This paper deals with the problem of effectiveness of enforcement of the just wage. The author makes use of the standard models of the product market, labor market and isoquant-isocost analysis to capture the effect of the decision to pay the just wage. In a discussion about the type of justice which governs the wage relation, the author proves that this relation does not fall within the category of distributive justice, on the grounds of (un)willingness of the owners of the factors of production to share the loss. On the contrary, arguments are being presented why the wage relation is being governed by the principles of commutative and social justice. In the aspect of commutative justice, a personal component and a family component of the just wage are being distinguished. The author justifies the concept of the personal component of the just wage by an analogy with renting a capital good. The empiricist objection of arbitrariness of any quantification of the just wage is being settled by a reference to the distinction of necessary and accidental signs. The author draws the conclusion that it is the owners of the firm who hold the key to the just wage. The author concludes that there is no way to force the owner of the firm to start paying the just wage if he does not want to. Any externally enforced increase in the wage is counter-productive, in the end. The threat of external sanctions has no effect. The only sanction which is effective is the internal sanction, i. e. the employer’s own conscience. To the objection of inefficiency brought about by internal sanctions, the author answers that the employment of labor not needed by the employer is a gift and the employer is not obliged to pay the just wage in this case.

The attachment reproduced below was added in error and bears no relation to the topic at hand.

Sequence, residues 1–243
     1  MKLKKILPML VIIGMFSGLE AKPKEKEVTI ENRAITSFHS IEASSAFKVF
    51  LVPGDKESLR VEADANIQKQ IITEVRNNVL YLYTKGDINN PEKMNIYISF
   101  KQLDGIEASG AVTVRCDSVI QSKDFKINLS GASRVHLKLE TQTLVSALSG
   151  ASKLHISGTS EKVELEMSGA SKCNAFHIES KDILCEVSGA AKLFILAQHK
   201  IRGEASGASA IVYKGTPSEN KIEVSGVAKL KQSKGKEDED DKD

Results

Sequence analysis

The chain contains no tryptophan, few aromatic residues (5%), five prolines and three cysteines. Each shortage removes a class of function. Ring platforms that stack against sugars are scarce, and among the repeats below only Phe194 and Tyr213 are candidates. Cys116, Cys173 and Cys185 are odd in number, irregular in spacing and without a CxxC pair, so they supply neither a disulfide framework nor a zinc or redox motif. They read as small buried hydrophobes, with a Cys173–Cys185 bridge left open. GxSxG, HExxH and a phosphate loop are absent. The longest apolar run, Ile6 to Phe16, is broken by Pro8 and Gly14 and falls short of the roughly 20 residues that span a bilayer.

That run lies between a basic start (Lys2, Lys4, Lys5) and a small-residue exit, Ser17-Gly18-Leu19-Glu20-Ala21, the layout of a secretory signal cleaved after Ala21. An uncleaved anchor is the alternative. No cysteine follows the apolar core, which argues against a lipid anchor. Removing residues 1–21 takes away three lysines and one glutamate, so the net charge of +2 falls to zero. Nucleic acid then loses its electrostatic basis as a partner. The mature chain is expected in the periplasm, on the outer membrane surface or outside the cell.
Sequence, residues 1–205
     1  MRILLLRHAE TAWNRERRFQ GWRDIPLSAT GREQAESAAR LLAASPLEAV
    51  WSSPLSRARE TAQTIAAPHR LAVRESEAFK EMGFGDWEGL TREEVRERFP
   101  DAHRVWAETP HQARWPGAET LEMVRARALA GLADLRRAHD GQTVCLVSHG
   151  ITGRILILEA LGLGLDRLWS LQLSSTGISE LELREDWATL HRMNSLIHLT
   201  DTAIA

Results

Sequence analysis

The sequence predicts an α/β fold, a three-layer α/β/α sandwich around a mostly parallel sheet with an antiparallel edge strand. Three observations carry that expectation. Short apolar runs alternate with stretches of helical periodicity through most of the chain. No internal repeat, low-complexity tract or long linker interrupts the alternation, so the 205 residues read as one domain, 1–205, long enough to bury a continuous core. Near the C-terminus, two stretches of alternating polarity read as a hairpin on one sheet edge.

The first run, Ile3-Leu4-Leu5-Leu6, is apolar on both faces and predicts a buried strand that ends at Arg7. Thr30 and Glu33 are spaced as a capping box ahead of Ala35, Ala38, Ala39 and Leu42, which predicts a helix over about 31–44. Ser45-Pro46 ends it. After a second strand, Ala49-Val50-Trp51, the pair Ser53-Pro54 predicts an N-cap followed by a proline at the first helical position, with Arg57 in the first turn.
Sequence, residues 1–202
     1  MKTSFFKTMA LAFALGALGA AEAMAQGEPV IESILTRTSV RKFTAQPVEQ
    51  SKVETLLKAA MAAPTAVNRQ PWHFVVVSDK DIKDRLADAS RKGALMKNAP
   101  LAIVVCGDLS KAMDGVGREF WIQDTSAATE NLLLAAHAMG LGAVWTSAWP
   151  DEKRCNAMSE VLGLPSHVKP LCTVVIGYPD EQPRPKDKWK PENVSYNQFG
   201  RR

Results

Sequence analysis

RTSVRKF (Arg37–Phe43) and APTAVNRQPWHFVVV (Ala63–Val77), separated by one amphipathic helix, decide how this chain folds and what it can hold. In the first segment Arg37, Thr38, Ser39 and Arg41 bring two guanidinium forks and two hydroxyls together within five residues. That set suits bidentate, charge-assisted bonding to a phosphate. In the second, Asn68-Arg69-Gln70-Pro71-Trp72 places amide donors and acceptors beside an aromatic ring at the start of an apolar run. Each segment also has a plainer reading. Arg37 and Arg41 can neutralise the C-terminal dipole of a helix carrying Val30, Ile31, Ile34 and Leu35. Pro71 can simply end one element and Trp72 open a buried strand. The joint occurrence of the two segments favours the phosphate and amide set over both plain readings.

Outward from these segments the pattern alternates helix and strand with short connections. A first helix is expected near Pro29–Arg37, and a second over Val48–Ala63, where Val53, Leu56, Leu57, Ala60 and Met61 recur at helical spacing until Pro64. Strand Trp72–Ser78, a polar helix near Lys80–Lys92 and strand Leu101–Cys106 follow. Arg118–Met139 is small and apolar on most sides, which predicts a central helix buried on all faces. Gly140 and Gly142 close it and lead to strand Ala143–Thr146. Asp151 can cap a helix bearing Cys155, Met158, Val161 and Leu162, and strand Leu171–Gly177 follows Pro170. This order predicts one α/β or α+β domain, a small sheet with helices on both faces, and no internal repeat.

Keywords: just wage, profit maximization, commutative justice, distributive justice, social justice, Catholic social teaching

DOI: 10.52950/OSC.2022.1.006

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